Dear Reader,

My high school principal was much like what I would imagine to be your typical high school principal: stoic, kind of scary, sometimes compared to a grizzly bear.

I was never the sort of student who was recognized in the main office. I didn’t call for much disciplinary attention, nor praise in the academic or athletic sense. I sort of glided by in high school, and was surprised when I discovered that the principal knew my name–and could match it to my face at that!

That’s not why I’m thanking him, though. I’m not about to write an entire entry thanking my high school principal for being able to recognize me out of almost 1500 students. And I’m not writing this to thank him for being a great principal, though I could–and maybe I should. He really did do a lot for our school and I’m sure that a lot of my fond memories from that place were possible because he was perfectly balanced as a principal. He let us be heard, but was always there to stop things from getting carried away. He was very understanding, but always let us know that he meant business.

Anyway, that’s not why I’m writing this entry.

During my senior year of high school, I took a class that counted for college credit called “teaching professions.” Because this class was designed to prepare us for the real world of teaching before we fully committed to the major, it ended with an interview.

At the end of the year, everyone who took the course got dressed up, put together a portfolio (containing 24 essays, 48+ pieces of evidence, pictures, pamphlets, the whole deal), and sat down with two faculty members for a mock interview.

Most everyone got someone they didn’t know. A random principal from some other school or perhaps a college professor or something, but of course I get Dr. Short–a man who not only scares me but has access to more information about me than I could guess.

To make matters worse, I’m awful at talking. I trip over my words and say “um” and “like” and lose my train of thought–and interviews are awful! They’ll ask me one question and by the time I’m halfway through the answer, I’ll forget what I was answering, and I’ll just go in a completely different direction.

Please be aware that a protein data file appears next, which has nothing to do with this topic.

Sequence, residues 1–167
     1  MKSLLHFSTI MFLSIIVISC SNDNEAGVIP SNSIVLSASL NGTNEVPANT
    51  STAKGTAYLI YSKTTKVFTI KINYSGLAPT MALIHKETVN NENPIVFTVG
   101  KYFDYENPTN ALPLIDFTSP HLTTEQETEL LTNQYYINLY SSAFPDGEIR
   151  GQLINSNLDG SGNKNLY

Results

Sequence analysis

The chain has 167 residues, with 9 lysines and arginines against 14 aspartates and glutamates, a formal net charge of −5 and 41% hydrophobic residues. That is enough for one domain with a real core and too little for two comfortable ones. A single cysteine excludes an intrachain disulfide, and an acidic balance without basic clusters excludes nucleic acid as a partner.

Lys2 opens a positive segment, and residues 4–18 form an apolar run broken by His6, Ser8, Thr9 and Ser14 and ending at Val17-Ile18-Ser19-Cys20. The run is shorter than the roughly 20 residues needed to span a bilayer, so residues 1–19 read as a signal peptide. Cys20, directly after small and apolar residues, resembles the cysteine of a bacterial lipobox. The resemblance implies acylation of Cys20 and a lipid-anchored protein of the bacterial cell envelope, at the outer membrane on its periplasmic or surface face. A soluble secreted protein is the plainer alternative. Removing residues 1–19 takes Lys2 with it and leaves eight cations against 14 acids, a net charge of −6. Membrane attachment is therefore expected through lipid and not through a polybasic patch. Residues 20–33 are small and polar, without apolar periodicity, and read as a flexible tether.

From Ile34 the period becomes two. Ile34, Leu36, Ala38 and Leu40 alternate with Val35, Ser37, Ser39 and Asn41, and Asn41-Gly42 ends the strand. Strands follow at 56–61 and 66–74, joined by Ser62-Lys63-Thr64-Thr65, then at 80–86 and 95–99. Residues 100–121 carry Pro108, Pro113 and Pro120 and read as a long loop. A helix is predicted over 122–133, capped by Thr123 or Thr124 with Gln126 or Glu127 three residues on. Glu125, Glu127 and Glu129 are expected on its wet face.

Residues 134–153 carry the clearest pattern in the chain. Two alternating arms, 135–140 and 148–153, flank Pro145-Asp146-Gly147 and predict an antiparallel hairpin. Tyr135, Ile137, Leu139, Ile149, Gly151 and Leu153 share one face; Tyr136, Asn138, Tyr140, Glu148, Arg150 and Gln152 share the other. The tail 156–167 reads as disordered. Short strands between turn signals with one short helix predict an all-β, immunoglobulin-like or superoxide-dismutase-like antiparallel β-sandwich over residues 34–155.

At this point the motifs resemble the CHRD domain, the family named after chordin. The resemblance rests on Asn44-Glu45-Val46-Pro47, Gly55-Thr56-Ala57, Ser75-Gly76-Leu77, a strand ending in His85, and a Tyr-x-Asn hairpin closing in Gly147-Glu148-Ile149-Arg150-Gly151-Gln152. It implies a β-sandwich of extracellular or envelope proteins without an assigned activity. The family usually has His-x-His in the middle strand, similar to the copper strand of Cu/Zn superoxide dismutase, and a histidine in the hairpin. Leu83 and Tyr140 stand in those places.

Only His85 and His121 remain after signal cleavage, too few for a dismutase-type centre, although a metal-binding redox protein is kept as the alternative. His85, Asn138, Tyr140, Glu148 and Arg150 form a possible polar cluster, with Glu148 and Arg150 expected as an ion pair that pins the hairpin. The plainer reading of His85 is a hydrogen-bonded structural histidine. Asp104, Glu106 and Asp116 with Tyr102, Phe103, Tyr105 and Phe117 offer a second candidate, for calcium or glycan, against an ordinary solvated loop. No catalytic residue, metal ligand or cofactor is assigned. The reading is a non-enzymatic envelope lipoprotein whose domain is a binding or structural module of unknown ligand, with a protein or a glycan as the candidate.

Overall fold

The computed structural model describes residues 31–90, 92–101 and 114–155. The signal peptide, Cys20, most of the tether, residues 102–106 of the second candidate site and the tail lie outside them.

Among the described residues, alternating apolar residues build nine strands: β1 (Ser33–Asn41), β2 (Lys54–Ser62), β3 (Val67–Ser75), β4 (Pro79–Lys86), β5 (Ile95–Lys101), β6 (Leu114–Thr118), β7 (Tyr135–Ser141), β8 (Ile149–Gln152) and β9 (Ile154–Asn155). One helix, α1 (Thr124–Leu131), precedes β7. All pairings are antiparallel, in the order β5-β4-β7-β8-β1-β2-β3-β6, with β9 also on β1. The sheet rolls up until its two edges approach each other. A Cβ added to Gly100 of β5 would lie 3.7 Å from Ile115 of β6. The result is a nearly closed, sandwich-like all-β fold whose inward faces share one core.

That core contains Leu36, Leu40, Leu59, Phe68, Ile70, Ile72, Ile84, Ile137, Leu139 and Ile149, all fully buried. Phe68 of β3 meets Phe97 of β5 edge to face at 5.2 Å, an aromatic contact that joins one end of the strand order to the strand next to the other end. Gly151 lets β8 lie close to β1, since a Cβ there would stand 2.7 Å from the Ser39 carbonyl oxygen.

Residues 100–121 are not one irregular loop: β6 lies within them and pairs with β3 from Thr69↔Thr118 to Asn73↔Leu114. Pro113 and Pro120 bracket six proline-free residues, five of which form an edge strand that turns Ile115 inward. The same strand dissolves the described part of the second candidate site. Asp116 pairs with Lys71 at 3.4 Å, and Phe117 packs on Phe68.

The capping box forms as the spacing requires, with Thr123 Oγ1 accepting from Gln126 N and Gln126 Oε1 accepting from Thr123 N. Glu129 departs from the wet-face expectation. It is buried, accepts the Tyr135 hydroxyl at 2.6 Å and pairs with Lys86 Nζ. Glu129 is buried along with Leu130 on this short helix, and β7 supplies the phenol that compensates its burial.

So I’m answering their questions and finding it incredibly difficult to read my principal.  The entire time I’m thinking, he hasn’t smiled in a while. Ugh he’s probably so bored. My first substantial conversation with Dr. Short and I’m coming off sounding like a completely unprepared idiot!

I mean, I was babbling. Going on and on, trying to find the right answer for questions like why I want to be a teacher.

Of course know why I want to be a teacher–I want to make a difference! I want to help kids grow. I want them to not make the same mistakes I did, and I want them to realize their true potential and push their boundaries and realize the beauties of the world. And English can help!

I want to learn as much as I can (because I obviously have a lot to learn) and then I want to teach it to anyone who will listen to me.

Of course, I have a lot more reasons that that, but that was the one I went with. So I’m yakking their ears off for probably 2 minutes just talking about that, and I’m not even sure it’s comprehensible at this point, when Dr. Short says, “who’s your current English teacher?”


“Well tell him to keep teaching for another four years.”

I didn’t really understand what he meant by this, so I said, “oh yeah, but he wants to get out before he has to completely change his teaching style to fit with technology, because all kids at Perrysburg get computers now, so I don’t know if he’ll stay that much longer.”

Dr. Short laughed and said, “I just want to have a spot for you when you graduate college.”

And I was kind of speechless–which isn’t the best thing to be during an interview. So he continued, “I would love to employ someone with your passion for teaching.”

To this day I have not forgotten those words.

I had just been offered a teaching job, at age 17, at one of the best high schools in the state–in the country! And I know he didn’t really secure me a job or anything, and he might’ve just been saying it to quiet me down (I mean, it worked!) or never intends to follow through with it, but I still consider it to be one of (if not the) highest compliments I’ve ever received.

Saying this means he believes in me. He believes that I have at least potential of becoming a great teacher. And I would love nothing more than to be able to teach at Perrysburg High School after graduating college.

So I don’t know what he meant by this comment, or what he was thinking when he said it, but I need to thank him. I did in person, but I’ll continue thanking him until I graduate probably! When I think about the future: sad salary, annoying parents, lots of pressure–I mean, it can be a lot. And I’ve never regretted my decision to pursue teaching, because it’s something I’ve always known I’m meant to do, but that comment keeps me working hard.

I want to come back to Perrysburg. And if they don’t have a spot for me, I want to go somewhere equally as great, and I want to be confident.

And Dr. Short’s comment that day is the great confidence-booster I’ve ever received.

So thank you.



PS. Song of the day: Geronimo – Sheppard